Considering a change in your diet?  This seemed a little overwhelming when I began my journey.  Luckily a friend advised me to go slow, keep it simple and just do what you can to alter where you spend your food dollars.  Not sure where to start?  Below are some steps to consider when looking to increase the quality of food you are buying and consuming.  Consider these options on how to shop for a healthy diet as you begin your journey to better food.

Raw food

Shop the edges of your grocery store for the least processed foods.

A.  Fast food  part of your diet? 

  1. Start tracking the amount of money spent each week eating out.
  2. Internet search for fun ways to pack your (or the kids) own lunch.
  3. Decide what you would do with the money saved by eating out less.

B.  How to make better selections at your current grocery store:

  1. Shop the edges, stay away from the center of the store.
  2. When you venture into the center, check ingredients!  I try to avoid products containing:
    • High Fructose Corn Syrup (HFCS)
    • Monosodium glutamate (MSG)
    • Sugar (at least not as the first ingredient)


      Be careful as you shop the center of your grocery store!

    • Ingredients listed as “enriched, refined or bleached”
    • Items you cannot read
  3. Look for produce displayed as “organic”, the price difference may be less than you think.
  4. Some stores may have an area devoted to a “health mart”, explore your options.
  5. If your current grocery store does not carry organic items talk to the manager or try another store.

Take your time with the changes suggested above.  Track your dollars and see the difference in food quality.  Consider keeping a log of how you “feel” from these little changes in your diet.

C.   Ready to adventure a little further?
  1. Look for a specialty health store in your area.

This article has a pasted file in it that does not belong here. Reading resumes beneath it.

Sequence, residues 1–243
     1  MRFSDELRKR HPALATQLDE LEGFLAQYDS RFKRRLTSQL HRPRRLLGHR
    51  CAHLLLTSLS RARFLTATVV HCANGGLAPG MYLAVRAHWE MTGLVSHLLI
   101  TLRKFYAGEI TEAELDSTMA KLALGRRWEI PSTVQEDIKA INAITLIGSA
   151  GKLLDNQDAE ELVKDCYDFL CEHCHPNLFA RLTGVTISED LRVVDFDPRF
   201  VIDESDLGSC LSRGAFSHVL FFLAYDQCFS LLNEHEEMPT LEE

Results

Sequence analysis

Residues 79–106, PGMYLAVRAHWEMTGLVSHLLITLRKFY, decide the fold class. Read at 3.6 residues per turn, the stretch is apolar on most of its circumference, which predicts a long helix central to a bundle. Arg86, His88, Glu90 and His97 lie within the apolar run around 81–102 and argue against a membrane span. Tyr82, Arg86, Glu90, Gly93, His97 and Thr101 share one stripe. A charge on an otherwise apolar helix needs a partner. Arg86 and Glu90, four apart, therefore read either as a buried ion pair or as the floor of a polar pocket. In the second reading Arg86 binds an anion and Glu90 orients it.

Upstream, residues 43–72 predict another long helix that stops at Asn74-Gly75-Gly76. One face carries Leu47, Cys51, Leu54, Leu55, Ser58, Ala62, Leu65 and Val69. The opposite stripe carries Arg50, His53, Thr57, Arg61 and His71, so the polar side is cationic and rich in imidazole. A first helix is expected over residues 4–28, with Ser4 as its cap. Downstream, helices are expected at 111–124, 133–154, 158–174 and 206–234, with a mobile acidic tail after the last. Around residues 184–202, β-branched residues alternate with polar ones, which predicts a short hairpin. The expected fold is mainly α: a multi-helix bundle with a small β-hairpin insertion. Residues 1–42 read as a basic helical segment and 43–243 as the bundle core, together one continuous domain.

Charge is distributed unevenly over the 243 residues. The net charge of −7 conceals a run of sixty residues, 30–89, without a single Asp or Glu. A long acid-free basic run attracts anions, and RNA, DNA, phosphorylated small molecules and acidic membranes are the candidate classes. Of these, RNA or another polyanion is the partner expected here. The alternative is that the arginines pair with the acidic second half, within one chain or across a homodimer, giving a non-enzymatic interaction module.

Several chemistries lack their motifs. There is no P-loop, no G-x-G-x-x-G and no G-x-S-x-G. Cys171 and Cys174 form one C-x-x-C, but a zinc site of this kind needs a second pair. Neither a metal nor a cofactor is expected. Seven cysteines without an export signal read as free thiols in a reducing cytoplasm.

2. Specialty stores labeled as “organic”, “natural”, “holistic” or “raw”.
  3. Again shop the edges of these stores, adventure in to the center more freely but keep checking ingredients.
D.  Seasonally watch for Farmer Markets or local farm stands.
  1. If you haven’t tried interacting with real farmers before you may feel a little un easy, but give it a try, the food quality is worth it!
  2. Quiz the individual sellers, learn their lingo and start to build relationships.
    • Ask them to describe their production practices.
    • Find out if you can visit their farm.
    • Ask how else they sell their products:
      • directly from farm, website, Community Supported Agricultural (CSA) buying option?
E.  Ask others for leads.
  1. Someone at church selling farm fresh eggs or know someone who does?
  2. Co-worker maybe buying his meat directly from a farmer?
  3. Watch for Fresh Eggs or Fresh Honey signs as you drive through the country.

F.  Search the internet.

Please share any other ideas you may have, and here’s to good eating!

We hope everyone had a Merry Christmas and you are ready to take on a new year!  As the new year begins, many of us will take a moment to reflect on our health.  Some of us may even be considering going on a DIET.  As Dr. Joseph Mercola, noted alternative health doctor says, 

     “We are all on a diet.  

Be on a healthy one.”